Tuesday, July 16, 2013

Refinishing a Rustic Cabinet Project - Photo Tutorial

Well, just so you know, I am a complete amateur at refinishing furniture and until last year, I had never even considered it. Then my sister-in-law Luciana inspired me and I started looking at our old furniture with new eyes.

Take this old cabinet for example. After we moved to Brazil, this was the cheapest thing I could find at a used furniture shop that provided storage for our shoes. It was not beautiful, but it was functional, and it was what we could afford.  It had an old-school yellow-ish stain, with a glossy varnish finish - not my favorite.  So, I began to imagine what I could transform it into with a little paint and some creativity. Oh, and some time. And that is what I seem to always be short on. 

The inspiration for this project came about nine months ago, at which point I bought the paint, and then life happened and I never did a thing with it until last week.  And even then, it was probably a bad idea, but somehow I squeezed it in and now it is done and I'm glad it is. Anyway, I  mention that to say that I am a busy mama with very little time, and so I do things in a FAST way, or not at all. This was a FAST project because I don't have time for any method that takes too long. 

So here is the cabinet before I got started. All I had done so far was break my back getting it to the garage, as Fabio was out of town, and that was part of the reason I had a window of time to work on it. It is HEAVY!Then I paid my Joshua, 11 years old, to sand it for me.  He likes to make money, and I like to save time. He is cheap too! wink. I still had to sand it a little more when he was done, but I expected that. So this is what it looked like after sanding. We did NOT sand it very well. Just enough to get off that brilliant, glossy finish.  And we used an electric sander.

Post sanding:

 Okay, so far I haven't done much. It is still before lunch time on Wednesday, and I just improved on Joshua's sanding job a little. Now I wiped the sanding dust off and decided to slap on a quick coat of paint before lunch. I used some dark brown left over from a wall we painted last year, using a nearly dry brush, and just brushing it on lightly - not to cover completely. I delibrately left stroke marks from the brush. Where the paint seemed too think, I wiped it with a wet rag to blend/ minimize the thickness.  This took less than 15 minutes.  Then I went to make lunch for my troop.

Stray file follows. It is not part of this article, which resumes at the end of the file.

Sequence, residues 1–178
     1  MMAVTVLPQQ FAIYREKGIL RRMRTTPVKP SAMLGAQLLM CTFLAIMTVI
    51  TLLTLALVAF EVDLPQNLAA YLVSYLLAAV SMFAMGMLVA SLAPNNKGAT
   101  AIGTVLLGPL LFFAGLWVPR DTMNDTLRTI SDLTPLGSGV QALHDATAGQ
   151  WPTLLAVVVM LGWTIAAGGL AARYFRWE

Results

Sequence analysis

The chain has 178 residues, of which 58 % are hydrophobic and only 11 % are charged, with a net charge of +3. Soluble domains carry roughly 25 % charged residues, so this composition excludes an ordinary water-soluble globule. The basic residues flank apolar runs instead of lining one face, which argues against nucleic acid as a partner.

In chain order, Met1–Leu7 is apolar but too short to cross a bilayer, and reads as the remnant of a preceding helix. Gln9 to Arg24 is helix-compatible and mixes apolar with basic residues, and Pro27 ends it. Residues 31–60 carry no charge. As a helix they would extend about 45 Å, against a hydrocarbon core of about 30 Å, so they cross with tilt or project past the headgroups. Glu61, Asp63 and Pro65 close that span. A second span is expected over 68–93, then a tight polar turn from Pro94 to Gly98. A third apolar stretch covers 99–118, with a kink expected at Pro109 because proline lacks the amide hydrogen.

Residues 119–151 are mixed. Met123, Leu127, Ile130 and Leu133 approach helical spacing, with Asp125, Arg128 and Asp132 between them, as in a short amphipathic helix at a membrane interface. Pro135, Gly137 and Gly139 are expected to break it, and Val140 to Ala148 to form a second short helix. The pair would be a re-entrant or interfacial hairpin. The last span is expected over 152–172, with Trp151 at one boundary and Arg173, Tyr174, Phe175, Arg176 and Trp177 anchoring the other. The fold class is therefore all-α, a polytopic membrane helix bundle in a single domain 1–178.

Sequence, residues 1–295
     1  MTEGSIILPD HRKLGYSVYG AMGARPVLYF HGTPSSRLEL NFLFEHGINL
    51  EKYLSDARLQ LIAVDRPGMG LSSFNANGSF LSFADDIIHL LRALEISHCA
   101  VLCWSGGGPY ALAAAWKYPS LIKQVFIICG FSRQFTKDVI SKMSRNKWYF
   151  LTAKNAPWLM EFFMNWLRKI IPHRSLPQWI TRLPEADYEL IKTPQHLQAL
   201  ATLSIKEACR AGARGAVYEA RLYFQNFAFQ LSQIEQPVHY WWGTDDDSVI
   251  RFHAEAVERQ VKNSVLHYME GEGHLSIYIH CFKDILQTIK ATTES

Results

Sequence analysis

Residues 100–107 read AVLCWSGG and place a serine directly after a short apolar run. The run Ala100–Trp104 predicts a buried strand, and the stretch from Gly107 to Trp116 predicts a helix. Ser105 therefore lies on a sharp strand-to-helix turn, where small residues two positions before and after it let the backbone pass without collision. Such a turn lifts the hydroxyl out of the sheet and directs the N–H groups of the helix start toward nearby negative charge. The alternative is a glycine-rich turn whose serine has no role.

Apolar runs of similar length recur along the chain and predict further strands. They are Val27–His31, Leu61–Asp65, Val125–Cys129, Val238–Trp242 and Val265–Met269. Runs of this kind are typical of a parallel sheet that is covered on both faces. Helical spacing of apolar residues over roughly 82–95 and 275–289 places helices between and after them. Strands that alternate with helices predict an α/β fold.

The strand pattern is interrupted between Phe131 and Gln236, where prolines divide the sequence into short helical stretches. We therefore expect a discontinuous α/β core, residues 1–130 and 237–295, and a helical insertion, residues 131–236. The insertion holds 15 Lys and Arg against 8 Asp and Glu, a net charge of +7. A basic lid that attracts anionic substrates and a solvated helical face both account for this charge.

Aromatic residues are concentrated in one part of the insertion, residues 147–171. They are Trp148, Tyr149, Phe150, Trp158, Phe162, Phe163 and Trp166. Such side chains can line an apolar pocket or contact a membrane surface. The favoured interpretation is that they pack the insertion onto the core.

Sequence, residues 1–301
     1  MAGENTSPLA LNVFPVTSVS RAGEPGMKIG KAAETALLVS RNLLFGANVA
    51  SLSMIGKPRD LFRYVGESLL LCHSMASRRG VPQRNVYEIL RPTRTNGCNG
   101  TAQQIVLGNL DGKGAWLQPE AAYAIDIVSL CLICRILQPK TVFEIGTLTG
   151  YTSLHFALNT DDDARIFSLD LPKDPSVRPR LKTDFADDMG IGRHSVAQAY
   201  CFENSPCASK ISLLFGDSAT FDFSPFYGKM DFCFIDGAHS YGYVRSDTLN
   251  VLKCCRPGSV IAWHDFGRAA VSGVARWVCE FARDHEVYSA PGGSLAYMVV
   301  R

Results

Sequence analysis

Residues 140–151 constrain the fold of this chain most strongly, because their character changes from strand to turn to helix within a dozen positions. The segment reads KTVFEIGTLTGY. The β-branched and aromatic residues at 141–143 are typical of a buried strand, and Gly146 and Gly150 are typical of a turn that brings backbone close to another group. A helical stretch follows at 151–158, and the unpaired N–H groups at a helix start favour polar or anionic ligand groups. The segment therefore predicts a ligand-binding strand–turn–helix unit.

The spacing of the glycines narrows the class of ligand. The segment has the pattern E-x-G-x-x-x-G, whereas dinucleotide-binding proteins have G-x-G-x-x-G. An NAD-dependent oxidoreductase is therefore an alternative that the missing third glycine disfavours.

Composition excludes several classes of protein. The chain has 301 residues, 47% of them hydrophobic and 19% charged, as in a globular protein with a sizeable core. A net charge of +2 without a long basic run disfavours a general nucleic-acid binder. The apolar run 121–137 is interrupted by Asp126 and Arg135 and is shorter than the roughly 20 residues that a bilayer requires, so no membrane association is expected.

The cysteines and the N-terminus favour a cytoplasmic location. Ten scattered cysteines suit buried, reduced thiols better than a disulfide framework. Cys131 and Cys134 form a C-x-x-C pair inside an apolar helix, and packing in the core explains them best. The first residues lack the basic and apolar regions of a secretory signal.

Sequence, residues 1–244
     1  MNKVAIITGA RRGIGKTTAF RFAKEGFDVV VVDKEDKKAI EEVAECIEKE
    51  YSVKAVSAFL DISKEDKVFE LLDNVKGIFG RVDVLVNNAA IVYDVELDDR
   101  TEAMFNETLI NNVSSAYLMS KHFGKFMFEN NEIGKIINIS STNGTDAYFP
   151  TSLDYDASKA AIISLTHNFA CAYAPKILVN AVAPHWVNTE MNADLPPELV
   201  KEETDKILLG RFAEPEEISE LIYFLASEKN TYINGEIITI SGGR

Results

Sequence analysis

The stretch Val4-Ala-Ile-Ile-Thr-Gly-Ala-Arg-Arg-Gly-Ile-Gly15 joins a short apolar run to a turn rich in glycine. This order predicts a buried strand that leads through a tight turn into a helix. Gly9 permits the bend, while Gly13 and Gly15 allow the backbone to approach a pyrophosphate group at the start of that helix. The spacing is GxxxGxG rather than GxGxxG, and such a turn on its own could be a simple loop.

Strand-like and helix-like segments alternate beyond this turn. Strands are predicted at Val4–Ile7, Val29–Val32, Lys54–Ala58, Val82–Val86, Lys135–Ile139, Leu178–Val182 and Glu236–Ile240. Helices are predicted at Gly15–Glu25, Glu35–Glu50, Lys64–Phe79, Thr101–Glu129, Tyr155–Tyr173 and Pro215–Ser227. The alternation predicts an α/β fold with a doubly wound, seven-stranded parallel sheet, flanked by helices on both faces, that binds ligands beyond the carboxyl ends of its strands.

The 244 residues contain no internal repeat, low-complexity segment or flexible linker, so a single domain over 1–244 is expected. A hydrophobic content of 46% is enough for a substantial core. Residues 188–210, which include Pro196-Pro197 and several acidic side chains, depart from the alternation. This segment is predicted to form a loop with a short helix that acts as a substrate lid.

This is what it looked like after the brown paint:

By the time lunch was over and cleaned up after, the brown paint was dry, so I figured I could slap the next coat on. This time I used a cream color, also leftover from a wall we painted last year, using the same technique as with the brown, above.  My ultimate goal is that it look like there are some "layers" of oldish paint, even though my ultimate goal for the color is turquoise. My current fave.  Again, this step took 15 minutes or less.

So this is what it looked like after the cream coat:

Then I went and put the littles down for their naps.  Did a few chores, got the olders started on some school work, and went back out for the final coat. The first two layers dried really fast because they were so thin, and the sun was nice and bright that day too. Time for turquoise! This time I brushed it on a little thicker, but still not exactly "full coverage".  Again, I left brush strokes, always going with the grain of the wood. Wax on, wax off.

This took me a whole half an hour or maybe even 45 minutes. Good thing it wasn't longer, because by then my husband had arrived home and my baby was awake. Done with this project for today!

This is what it looked like after the turquoise coat:

Well, at this point, when I went back out to look at it the next morning, it just looked like a bad paint job, rather than a lusciously rustic piece of furniture.  I was a little discouraged. There was too much gloss, too bright of color to look rustic, too much definition of the paint layers, too much too much.  But... a hand sand job turned the situation around.  You might not be able to tell a lot of difference in the photos, but it did make a huge difference.  This was the worst part of the job. But the most rewarding! I used a rough grain sanding paper, and used a leather glove. Always with the grain!! This blended the layers beautifully, took enough of the brilliance off the color and removed the glossiness of the paint (even though it was not a glossy paint), and gave me the rustic look I had hoped for.  I didn't bother to sand the back of the cabinet or the inside of the doors. Did I mention that I am a busy mama and I don't have time for projects that take too long?? Ya. So, this last bit probably took me an hour. Or it would have if I had been able to work on it straight. I rarely get to work on anything without a thousand interruptions, but anyway, I did get it done on Thursday. Started Wednesday, finished Thursday. My kind of project.

My dear husband chipped in by screwing these handles on that I picked up nine months ago when I got the paint, and for a total of about $15, I got a "new" cabinet! 

Here is the finished project:

Just one more look at the "Before" so you can compare: 


Mom said...

Wow! I'm impressed! It looks like it would have taken a lot longer than you said. It turned out really neat! And of course, I love the color! Doesn't it feel good to finally get a project done that you have wanted to get to for so long? Good job!

Fabio 'n Elizabeth Tsukayama said...

Thanks, Mom! Yes, it does feel good to finally get it done! :)